This article examines e-marketplace adoption difficulties from a contextualist perspective. The analysis of industrial characteristics will unearth the adopter’s supply chain practices and the contextual features which are unfavorable for e-marketplace deployment. To gain a deeper understanding, this research examines an unsuccessful e-marketplace adoption for agricultural industry in China. The tension created by the these two incongruent contexts results in a misaligned market, as a free-market principle (assumed to be an integral part of the e-marketplace) is imposed on an agricultural market exchange which is characterized by a regulated business environment and a monopolistic market, and which emphasizes variances in product quality, tacit product specification, exclusive suppliers, and spotty purchasing. Practical and theoretical implications of the findings are discussed with reference to technology adoption and technology-organization alignment literature.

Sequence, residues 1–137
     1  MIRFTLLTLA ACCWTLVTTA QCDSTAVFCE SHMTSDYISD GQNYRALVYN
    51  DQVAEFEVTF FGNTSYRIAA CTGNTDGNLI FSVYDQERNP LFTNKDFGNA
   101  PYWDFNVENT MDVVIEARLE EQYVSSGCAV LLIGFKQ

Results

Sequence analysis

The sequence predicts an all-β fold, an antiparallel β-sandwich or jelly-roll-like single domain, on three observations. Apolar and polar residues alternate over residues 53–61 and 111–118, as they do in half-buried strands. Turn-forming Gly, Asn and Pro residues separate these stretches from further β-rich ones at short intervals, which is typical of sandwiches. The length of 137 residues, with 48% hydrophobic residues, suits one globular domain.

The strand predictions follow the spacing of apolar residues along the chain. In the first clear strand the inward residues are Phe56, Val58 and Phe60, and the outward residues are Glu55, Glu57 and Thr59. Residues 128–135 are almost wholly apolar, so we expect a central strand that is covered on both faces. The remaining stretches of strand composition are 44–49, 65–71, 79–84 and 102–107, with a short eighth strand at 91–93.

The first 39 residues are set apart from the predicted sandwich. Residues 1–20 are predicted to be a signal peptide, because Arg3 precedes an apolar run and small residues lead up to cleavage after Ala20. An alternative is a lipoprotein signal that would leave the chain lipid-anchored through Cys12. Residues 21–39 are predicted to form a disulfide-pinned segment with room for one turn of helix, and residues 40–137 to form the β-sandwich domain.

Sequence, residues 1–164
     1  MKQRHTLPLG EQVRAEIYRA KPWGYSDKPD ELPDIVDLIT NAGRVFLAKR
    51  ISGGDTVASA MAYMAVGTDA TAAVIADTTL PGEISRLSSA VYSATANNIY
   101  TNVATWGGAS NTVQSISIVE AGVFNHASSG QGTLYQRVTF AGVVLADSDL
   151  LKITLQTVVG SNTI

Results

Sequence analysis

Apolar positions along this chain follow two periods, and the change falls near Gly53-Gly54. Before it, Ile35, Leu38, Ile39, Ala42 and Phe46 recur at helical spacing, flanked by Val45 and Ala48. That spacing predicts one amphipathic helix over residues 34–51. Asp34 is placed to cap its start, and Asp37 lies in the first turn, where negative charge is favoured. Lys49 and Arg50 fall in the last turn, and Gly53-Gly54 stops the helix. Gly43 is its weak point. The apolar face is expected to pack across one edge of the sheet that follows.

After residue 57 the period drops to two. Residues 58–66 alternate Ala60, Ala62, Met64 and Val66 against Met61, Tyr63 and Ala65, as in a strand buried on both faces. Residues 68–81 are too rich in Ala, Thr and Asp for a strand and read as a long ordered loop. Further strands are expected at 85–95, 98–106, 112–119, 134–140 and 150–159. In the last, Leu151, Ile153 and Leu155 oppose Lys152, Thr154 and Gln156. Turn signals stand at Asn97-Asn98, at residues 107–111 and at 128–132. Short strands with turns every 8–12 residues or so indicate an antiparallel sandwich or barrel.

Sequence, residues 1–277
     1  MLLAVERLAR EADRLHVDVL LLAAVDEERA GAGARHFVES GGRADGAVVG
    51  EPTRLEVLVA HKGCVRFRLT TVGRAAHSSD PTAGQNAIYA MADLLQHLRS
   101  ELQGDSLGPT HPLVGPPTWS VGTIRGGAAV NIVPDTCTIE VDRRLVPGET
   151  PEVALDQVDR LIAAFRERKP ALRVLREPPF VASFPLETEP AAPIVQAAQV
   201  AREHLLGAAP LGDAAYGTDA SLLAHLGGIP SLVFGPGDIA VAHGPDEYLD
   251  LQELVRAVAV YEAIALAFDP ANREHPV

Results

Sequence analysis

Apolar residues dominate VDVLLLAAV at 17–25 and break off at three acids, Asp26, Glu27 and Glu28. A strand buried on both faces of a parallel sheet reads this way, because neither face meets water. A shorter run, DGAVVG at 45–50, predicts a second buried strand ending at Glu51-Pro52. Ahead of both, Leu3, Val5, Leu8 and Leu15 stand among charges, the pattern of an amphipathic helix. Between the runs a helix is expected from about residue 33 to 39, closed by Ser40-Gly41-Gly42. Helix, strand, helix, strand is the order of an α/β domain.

Business-to-business (B2B) e-commerce, better known as the e-marketplace, has recently captured the growing interest of executives (Ash & Burn, 2006; Kambil & van Heck, 1998; Johnston & Vitale, 1988). An e-marketplace is a technological platform from where buyers and suppliers participate in the exchange of products or services, and negotiate business transactions over the Internet (Kaplan & Sawhney, 2000). In an e-marketplace, suppliers can renew product categories in a real-time manner and engage in online exchanges with buyers. Buyers can also engage in online bidding to facilitate supply chain collaboration, thus reducing purchasing costs and improving transaction efficiency (Malone, Yates, & Benjamin, 1987). The case study of Li and Fung provides an excellent example of how the e-marketplace can be used to integrate a sophisticated global supply chain (McFarlan & Young, 2000).